Ending the forever: On American interference

The U.S might not find it easy to resist the impulse to remake other nations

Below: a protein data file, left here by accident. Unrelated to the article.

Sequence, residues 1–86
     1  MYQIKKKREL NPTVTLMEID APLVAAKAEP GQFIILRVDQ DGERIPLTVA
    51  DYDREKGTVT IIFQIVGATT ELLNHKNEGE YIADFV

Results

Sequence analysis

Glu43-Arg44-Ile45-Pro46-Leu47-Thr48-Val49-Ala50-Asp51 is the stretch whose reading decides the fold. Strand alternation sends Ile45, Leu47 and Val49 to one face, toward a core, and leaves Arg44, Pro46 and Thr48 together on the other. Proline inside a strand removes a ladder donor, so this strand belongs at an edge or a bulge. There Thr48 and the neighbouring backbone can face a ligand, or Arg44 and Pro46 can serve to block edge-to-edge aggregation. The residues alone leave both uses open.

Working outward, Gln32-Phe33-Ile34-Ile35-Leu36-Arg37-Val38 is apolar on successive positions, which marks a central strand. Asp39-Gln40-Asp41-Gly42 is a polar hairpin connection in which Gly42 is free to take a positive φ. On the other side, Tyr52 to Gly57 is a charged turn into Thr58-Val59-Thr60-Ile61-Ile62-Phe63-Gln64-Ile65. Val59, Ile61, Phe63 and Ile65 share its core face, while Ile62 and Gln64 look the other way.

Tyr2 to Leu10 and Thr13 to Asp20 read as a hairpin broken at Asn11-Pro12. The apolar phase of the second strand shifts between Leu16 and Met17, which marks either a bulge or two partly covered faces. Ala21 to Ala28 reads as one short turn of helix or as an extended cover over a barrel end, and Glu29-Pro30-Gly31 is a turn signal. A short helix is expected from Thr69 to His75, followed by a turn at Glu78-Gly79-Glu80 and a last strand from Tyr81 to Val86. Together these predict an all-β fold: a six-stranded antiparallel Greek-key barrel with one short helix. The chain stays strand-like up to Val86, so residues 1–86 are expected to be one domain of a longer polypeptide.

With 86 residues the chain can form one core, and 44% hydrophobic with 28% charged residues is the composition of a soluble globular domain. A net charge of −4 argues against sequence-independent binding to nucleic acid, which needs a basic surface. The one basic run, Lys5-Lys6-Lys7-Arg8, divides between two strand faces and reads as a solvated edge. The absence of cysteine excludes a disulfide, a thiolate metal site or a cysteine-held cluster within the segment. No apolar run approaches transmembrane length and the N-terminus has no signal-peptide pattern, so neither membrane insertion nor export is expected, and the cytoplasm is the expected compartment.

The U.S. has a rich history of shaping or toppling foreign governments and seeking to influence forces made abroad that had an impact on American shores. In the early 20th century, the centre of gravity of such clandestine operations was in the North American hemisphere, and it included the Dominican Republic, Haiti, Honduras, Mexico, Nicaragua, and Panama. In the post-Second World War and post-Cold War periods, it included the likes of Iran, Indonesia, and Venezuela, including alleged interference in the elections of Italy, the Philippines and Japan. With a foreign policy elite and intelligence community deeply inured to habitually meddling in the politics of other nations for at least a century, the odds that Mr. Biden will be the leader to turn their heads from this preoccupation are low. It is true that ever since the advent of his predecessor, Donald Trump, the U.S. has been on an inexorable path towards a more inward-focused paradigm of policymaking, putting “America First” and reconsidering if not rejecting certain elements of the rules-based international order. But in America, historically, the clarion call for nativist populism has always coexisted to an extent with the temptation to meddle abroad. The impulses of the Biden administration may, therefore, only lead to a temporary lull in this disturbing trend.

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